We are very busy here in the camp. Rudolf is the principal of the schools and the pastor for the camp. Ruth has a very responsible position in the United Nations Relief and Rehabilitation Administration (UNRRA). Esther is helping in the office. Matthias is giving instructions in English in the Polish camp. Ruth and Esther until now have also given English instruction in our camp. They want to stop during the Easter vacation and will hand over the instruction to another American woman. The people are striking and want our girls back. Now I don’t know how it will come out. I am just afraid that Ruth might overwork herself, because often she has to work until 10 o’clock [at night] or later. In Frankfurt they do not want to work but travel. Phoebe is going to school in Marburg and is learning Latin diligently. Tirzah, Johnny, and Mirjam are going to the school in the camp. Ursula, Priscilla, and Peter are in the Kindergarten that Ruth just newly organized [for the camp]. Some Hungarian artists have just painted the walls wonderfully with fairy tale figures. We have about 500 to 600 people in our camp, with over twenty nations [represented], and 125 Americans. Very many people from the Baltic countries are here, just no Polish.
I am including a passport photograph of our family in the envelope. From left to right:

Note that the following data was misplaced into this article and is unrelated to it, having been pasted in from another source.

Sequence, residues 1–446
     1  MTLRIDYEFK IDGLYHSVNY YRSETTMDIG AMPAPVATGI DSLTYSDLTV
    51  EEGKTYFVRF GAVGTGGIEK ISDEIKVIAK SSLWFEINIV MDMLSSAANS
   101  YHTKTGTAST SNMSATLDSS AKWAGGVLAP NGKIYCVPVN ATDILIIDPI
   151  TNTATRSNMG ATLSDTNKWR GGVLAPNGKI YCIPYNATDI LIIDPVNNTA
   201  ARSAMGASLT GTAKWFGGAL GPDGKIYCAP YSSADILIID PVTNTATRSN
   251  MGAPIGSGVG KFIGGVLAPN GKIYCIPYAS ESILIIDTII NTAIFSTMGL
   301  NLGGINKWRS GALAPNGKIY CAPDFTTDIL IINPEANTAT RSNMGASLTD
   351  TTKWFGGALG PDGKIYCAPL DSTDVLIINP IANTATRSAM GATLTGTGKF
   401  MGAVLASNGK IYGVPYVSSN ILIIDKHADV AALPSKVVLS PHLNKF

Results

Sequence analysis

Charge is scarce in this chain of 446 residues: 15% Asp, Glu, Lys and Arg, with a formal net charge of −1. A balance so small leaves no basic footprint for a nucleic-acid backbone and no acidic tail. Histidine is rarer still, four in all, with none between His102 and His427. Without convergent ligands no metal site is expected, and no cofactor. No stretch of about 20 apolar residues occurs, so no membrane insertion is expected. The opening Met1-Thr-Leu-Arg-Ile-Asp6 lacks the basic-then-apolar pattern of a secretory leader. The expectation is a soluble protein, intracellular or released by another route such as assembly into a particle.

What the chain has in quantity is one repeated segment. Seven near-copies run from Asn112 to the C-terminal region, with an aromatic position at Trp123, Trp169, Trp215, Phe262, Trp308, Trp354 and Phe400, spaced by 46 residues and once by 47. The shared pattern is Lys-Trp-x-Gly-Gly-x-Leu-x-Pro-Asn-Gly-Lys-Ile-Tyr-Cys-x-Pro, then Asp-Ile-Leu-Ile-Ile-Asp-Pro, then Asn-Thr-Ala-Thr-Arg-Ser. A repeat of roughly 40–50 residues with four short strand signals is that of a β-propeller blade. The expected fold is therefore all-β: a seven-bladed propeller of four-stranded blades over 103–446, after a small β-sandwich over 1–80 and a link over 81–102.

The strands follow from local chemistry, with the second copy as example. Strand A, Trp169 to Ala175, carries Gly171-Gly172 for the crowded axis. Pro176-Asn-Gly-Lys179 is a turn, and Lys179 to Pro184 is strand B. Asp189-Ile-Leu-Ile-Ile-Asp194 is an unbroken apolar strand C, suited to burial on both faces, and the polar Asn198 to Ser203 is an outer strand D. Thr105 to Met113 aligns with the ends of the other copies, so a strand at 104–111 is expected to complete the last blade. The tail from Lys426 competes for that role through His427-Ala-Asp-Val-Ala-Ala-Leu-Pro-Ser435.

First row: Ruth, Matthias, Phoebe, Johanna, and Esther
Second row: Tirzah, Rudolf, Trudel, Johnny
Third row: Mirjam, Priscilla, Peter, and Ursula.
Can you also recognize Johanna’s Blouse? It is made of the colorful flowery cloth that you sent her for her confirmation.
Now many hearty greetings from us all,
[From Haverhill, Massachusetts, just before Christmas, 1955]
Peter was born on Papas’ birthday [that of Ludwig Behrens on December 9th 1841]. At that time you sent me the hot water bottle to keep the little one warm. Later I am certain that it saved his life. The midwife thought that the child would get pneumonia, because he always had ice-cold feet. The wash room was way over-sized and had a cement floor and the furnace did not heat, because of old age weakness. Then your hot water bottle came to my mind. [It was made of stuff like a cushion.] I always put it between Peter’s second diaper and the cover I wrapped him in and kept his feet warm, always warm. He slept, he didn’t cry anymore, and the milk began to stay in his stomach. With that you can see what a difference pure warmth makes for a baby.